Report gives overview of regulation in nine European countries

SW – 07/2022

EUROGIP has published a report on the recognition of COVID-19 as an occupational accident and/or disease in nine European countries. EUROGIP is a public interest group for issues related to the prevention and insurance of occupational accidents and diseases, founded in 1991 by the French Health Insurance Fund for Workers (CNAMTS) and the National Institute for Research and Safety (INRS) as part of the "Occupational Accidents" department of the social security system.

Scope of the investigation

The brief report updates information published at the beginning of the pandemic in May 2020 on the recognition of COVID-19 as an occupational accident or disease. The situation in Germany, Belgium, Denmark, Spain, Finland, France, Italy, Luxembourg and Sweden was investigated. In summary, the report concludes that in most of the countries mentioned, insurers against occupational accidents and diseases have included SARS-COV-2 infection in their existing system of recognition of occupational accidents and diseases. Existing national regulations have not been amended.


In most countries, only a positive test is required to initiate the procedure for a possible recognition of COVID-19 as an occupational accident or disease. In contrast, only severe forms of COVID-19 could be recognised in France. In Germany, at least one relevant symptom is required for recognition.

COVID-19 is predominantly considered an occupational disease rather than an occupational accident. In some countries, it could be an occupational disease or an occupational accident if the conditions are met. In Germany, for example, recognition as an occupational disease is possible for staff in inpatient or outpatient medical facilities in the fields of human medicine and dentistry, in welfare care facilities and laboratories, provided that all other conditions are met. For other workers, however, the disease could only be recognised as an occupational accident. In Denmark, recognition as an occupational disease would depend, among other things, on whether the exposure had lasted longer than five days, otherwise the existence of an occupational accident would have to be examined.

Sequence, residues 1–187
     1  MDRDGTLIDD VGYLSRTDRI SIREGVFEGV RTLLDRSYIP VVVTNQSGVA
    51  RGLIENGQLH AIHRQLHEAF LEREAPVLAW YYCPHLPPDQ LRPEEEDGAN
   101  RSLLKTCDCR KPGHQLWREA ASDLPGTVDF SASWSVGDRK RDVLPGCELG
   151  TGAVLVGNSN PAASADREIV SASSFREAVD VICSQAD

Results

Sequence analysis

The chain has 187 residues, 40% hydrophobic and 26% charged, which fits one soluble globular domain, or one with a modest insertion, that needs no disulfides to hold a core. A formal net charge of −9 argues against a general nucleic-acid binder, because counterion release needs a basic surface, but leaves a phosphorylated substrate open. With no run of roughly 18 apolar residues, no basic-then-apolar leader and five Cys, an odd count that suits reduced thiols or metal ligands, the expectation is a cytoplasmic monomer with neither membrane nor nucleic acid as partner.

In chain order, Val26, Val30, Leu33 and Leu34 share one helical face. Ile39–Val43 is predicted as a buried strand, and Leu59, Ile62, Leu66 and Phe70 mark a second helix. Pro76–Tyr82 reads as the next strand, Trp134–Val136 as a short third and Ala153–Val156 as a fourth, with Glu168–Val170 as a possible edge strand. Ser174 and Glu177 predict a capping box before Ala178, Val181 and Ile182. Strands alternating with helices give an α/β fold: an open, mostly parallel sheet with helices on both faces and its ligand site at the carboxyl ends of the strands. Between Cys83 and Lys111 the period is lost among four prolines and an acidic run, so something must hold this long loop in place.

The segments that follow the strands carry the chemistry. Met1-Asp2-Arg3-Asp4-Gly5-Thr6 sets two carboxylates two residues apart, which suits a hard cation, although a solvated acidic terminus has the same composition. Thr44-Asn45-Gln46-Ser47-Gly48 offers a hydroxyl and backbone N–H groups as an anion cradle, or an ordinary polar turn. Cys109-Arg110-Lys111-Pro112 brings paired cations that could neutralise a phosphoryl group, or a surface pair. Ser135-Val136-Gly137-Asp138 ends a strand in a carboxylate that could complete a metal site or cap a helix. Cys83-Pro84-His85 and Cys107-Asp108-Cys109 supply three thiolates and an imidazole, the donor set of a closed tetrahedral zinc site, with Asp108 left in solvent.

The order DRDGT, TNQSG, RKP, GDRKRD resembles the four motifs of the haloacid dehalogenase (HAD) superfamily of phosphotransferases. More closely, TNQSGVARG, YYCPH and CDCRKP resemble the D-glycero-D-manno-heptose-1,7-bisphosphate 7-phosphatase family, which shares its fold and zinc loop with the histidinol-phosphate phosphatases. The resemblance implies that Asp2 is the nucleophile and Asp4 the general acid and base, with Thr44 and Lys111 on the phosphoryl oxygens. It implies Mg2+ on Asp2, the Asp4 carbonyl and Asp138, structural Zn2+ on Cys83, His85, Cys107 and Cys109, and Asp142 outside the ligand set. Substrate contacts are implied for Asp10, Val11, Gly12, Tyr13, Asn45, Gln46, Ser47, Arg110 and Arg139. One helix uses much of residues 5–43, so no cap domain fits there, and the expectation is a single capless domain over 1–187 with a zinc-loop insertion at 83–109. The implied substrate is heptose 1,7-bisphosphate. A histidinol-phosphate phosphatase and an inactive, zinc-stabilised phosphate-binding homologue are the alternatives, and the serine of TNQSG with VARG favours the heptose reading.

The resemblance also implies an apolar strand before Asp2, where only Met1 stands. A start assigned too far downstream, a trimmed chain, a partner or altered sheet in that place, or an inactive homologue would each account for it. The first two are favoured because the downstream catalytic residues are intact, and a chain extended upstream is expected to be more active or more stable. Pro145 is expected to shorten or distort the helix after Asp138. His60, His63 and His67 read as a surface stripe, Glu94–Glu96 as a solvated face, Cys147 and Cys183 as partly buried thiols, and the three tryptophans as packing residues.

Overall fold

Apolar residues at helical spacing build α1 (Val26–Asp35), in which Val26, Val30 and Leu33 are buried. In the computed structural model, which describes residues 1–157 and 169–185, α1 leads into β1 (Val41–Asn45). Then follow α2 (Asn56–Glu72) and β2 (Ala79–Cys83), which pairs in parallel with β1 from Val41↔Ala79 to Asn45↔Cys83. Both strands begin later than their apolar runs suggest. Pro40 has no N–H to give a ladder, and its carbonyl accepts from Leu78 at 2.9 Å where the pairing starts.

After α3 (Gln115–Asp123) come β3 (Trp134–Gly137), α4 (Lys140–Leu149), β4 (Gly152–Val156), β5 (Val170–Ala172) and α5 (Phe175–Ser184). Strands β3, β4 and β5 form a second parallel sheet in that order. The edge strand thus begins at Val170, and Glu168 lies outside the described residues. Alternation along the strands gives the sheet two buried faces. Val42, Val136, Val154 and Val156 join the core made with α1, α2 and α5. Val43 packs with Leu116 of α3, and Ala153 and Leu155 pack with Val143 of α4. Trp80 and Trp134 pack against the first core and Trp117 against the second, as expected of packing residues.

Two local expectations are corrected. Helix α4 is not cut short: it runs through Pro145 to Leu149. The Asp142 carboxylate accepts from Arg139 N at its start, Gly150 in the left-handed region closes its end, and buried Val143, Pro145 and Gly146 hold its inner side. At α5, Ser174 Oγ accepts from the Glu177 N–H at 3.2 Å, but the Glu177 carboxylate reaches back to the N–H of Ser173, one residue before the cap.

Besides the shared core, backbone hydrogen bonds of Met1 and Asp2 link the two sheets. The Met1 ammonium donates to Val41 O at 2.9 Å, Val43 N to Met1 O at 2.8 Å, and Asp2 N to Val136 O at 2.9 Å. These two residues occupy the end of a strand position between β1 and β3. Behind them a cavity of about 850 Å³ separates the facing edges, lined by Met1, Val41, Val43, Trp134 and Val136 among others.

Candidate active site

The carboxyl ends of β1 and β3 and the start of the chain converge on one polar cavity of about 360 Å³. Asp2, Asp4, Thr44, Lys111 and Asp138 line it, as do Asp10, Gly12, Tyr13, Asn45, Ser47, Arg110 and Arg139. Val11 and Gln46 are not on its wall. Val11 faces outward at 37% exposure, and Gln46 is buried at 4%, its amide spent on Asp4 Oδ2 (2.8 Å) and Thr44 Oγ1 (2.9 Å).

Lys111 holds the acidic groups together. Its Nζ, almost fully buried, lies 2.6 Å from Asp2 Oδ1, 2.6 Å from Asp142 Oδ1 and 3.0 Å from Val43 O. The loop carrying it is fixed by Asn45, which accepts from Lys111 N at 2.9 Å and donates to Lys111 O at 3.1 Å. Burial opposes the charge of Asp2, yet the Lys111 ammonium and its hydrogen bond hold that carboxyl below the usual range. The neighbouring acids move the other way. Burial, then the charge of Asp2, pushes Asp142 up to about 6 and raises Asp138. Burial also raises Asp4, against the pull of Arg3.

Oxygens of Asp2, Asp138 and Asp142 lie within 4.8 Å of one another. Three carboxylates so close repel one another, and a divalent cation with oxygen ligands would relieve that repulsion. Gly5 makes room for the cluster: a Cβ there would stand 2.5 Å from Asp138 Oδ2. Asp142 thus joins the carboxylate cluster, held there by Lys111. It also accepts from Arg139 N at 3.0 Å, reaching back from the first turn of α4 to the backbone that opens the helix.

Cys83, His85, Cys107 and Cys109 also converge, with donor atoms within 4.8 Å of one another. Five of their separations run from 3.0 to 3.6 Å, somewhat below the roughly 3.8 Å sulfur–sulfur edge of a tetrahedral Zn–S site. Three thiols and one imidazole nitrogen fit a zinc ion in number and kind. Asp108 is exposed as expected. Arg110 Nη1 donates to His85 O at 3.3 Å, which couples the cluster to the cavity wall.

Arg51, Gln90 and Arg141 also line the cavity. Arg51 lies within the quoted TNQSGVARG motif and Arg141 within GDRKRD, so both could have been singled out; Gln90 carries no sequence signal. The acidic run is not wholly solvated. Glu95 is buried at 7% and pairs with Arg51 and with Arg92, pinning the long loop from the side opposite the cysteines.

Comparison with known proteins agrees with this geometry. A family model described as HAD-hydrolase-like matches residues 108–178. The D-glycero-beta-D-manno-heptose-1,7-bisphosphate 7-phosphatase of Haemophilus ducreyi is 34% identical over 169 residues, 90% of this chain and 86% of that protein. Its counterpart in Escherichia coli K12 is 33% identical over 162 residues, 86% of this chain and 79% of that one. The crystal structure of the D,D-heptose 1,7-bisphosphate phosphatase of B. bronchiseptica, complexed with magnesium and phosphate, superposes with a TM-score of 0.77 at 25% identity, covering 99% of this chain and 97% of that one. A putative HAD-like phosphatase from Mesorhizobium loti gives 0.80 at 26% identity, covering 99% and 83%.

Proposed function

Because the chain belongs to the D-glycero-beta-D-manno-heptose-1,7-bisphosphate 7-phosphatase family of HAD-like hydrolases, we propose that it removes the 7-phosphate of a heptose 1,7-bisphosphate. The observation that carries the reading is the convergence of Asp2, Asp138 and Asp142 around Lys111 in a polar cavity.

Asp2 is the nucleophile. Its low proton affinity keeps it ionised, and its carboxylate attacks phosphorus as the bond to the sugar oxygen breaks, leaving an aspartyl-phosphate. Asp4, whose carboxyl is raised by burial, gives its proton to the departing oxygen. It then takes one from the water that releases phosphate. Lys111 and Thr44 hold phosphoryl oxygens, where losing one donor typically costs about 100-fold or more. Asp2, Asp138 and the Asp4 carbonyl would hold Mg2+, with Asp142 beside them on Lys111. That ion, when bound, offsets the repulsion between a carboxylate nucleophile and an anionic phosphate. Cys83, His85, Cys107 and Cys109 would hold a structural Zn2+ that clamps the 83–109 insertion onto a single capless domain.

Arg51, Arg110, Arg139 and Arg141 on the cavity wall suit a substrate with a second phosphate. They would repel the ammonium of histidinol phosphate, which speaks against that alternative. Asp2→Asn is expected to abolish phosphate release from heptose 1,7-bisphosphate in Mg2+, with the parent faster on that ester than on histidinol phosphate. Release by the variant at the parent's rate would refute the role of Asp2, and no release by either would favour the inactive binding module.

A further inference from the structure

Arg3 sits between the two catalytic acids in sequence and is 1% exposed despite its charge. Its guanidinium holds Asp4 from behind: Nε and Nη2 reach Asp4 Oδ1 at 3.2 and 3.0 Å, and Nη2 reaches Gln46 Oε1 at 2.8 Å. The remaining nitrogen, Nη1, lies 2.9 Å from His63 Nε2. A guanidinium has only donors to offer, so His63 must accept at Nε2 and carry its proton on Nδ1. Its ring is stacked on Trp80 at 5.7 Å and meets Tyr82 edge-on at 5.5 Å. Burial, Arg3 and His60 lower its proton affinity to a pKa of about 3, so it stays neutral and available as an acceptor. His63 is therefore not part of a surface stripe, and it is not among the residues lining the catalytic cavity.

With regard to the burden of proof, a legal or de facto presumption of the occupational origin of the infection applies to health workers everywhere to varying degrees. For the other categories of workers, for whom such a presumption did not apply, the persons suffering from COVID-19 would have to prove that their infection was related to the workplace. In Sweden, on the other hand, recognition is reserved exclusively for health workers and laboratory staff.

According to the report, no special compensation schemes had been set up in the countries studied. The benefits would be the same as those generally provided for occupational accidents and diseases, such as reimbursement of medical expenses, daily allowance for temporary disability, flat rate payment and/or pensions for permanent disability or death.


On 18 May 2022, the Advisory Committee on Safety and Health at Work (ACSH) agreed that COVID-19 should be recognised as an occupational disease in the health, social and home care sectors and in industries with a proven increased risk of infection. The body of the representatives of the EU Member States and the social partners was in favour of updating the EU list of occupational diseases accordingly (see report 5/2022).

A table broken down by country summarises the main findings of the investigation. The report can be downloaded from the following link.